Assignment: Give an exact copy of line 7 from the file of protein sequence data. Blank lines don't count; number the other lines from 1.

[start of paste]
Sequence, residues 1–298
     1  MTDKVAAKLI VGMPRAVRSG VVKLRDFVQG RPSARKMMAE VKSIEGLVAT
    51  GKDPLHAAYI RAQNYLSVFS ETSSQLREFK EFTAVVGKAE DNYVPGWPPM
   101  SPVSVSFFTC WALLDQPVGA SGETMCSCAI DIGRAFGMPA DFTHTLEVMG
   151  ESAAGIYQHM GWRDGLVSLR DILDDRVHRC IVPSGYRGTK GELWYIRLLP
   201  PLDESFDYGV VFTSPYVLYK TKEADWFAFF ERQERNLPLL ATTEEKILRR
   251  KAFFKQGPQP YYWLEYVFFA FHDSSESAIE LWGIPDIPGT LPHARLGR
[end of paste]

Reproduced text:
   251  KAFFKQGPQP YYWLEYVFFA FHDSSESAIE LWGIPDIPGT LPHARLGR